In spite of the multi-various usefulness of the forest resources, rapid population growth and changes in land uses have put the forest resources under pressure. For instance, Poore 1989 opined that majority of logging operations in tropical countries are considered unsuitable and damaging. The widespred failure of forest governamnce – characterized by illegal logging, associated illegal trade, and corruption-directly undermines sustainable economic growth, equitable development, and environmental conservation. It puts at risk poor and forest-dependent populations, which rely on timber and non-timber forest products; undermines responsible forest enterprises by distorting timber and reducing profitability; and results in a loss of govenrment revenue that could be invested in sustainable forest management or general economic development (World Bank, 2006). The major determinants of deforestation are the available natural resources in an area, how the resources are being used, traditional beliefs and myths, conflicts in the use of resources, population pressure, vis-a-vis the problem of pollution (soils, air or water). According to Meyer and Turner (2009), societies have profoundly altered their environments in the pursuit of wealth and power have been punished by environmental catastrophes (natural and man-induced). They opined further that world forest area has been reduced by some 20 percent and a large area of land converted from its original vegetation cover to cropping. The major cause of deforestation are increasing demand for housing and infrastructural facilities, crop and timber export, poor agricultural practices cutting of fuel wood for urban areas, head loading (cutting of fuel wood for sale), forest fires, logging, and overharvesting. Other causes are overgrazing, road construction, dam construction, as well as careless exploitation of forest resources. A large empirical literature exists on the consequences of deforestation (see Rosenzweig and Parry, 1994; Western, 1999; Johnston, 1989; Bruijnzeel, 2004; and Brookfield, 1992). Deforestation is responsible for damage to habitate, biodiversity loss and aridity, extinction of rare species of plants and animals, climate change, environmental destruction and the subsequent damage to the sensitive living balance of the ecosystem. Also, empirical studies have confirmed that if we cannot look after the forest they will soon disapper (see Brockington, 2007; Hyde and Sedjo, 1992; Waston et al, 1998; Colin, 2001 and Khare et al, 2000). The threat to timber resources is being combated in most countries by vigorous afforestation. In addition, many have adopted stringent forestry laws, as in Norway and Sweden, to prevent waste, and elsewhere, experiments are taking place to find alternative materials for making paper (Whynne-Hammond, 1979).
Other strategies of combating deforestation are the use of alternative sources of energy other than fuel and charcoal, sustainable agricultural practices rather than slash and burn method of farming, land management, avoidance of indiscriminate bush burning, as well as promulgation and enforcement of environmental laws and forest policies. Likewise, mitigating deforestation entails forest conservation, protection of endangered species, as well as the promotion of ecotourism. These are the measures of achieving sustainable development.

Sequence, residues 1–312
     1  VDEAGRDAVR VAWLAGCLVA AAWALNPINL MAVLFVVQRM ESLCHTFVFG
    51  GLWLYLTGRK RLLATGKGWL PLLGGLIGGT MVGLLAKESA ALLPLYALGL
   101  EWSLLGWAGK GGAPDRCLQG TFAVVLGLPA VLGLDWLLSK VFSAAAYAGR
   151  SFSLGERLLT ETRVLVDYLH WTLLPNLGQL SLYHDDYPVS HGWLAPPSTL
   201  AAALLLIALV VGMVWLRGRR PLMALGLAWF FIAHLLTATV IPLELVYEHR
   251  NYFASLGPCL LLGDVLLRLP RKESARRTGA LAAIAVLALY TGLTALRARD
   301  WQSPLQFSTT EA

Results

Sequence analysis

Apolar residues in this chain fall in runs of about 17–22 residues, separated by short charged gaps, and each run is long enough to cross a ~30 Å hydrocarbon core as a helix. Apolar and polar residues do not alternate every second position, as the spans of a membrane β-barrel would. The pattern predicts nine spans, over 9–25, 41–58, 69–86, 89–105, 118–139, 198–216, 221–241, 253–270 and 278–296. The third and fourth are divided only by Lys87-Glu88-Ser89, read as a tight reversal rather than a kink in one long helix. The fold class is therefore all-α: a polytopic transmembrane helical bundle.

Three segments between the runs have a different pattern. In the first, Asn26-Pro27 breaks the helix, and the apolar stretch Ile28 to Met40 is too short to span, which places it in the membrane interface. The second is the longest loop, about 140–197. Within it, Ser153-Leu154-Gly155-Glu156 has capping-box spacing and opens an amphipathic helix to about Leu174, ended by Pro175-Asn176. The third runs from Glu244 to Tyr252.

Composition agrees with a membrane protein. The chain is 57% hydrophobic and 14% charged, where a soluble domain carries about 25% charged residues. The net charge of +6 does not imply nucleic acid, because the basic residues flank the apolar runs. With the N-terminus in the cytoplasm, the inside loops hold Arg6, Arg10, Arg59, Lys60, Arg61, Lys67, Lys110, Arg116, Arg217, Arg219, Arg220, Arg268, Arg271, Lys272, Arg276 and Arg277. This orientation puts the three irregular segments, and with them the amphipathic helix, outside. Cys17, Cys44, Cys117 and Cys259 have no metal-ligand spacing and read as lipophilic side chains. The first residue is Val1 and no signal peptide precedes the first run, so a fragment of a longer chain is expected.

STATEMENT OF PROBLEM
The indiscriminate felling of trees in our forest and the attitude of the people in Oredo Local Government Area, Edo State towards our forest has necessitated a massive scale and the people seem to be unaware of its consequences. This study therefore is geared towards finding solutions to some of the problems of deforestation. This study intends to find out the following problems;
OBJECTIVE OF THE STUDY
The aims of the study are;
1. Does deforestation cause flooding?
2. Does expansion of farmland lead to deforestation?
3. Does overgrazing lead to deforestation?
6. Does deforestation lead to climate change?
SIGNIFICANCE OF THE STUDY
The fact that our forest is one of the beauties of nature and an effect means of controlling erosion, man has in either consciously or unconsciously and indiscriminately too. If no efforts are made to guard this, the younger generation may find it very difficult to know what a natural forest look like. They may also be denied of good forest produce for their economic needs and uses. Hence the effort being made by the government in preserving and consolidating the forest in form forest resources is highly impressive.
The study is of importance in that it will enlighten the leaders and the public of our obligation of the forest. To point out the importance of forest to guide against erosion. It will also aid government and forestry officials on how to protect our forest.
The study is of immense importance of the people of Oredo Local Government Area in the sense that to clearly preserve the forest and also on how to plant trees to check erosion.
SCOPE OF THE STUDY:
The study is set out to determine the causes and effect of deforestation in Oredo Local Government Area of Edo State. Therefore, the study is restricted to both men and women in the Local Government Area of Study. Respondents include students, teachers, civil servants, youths, and drivers.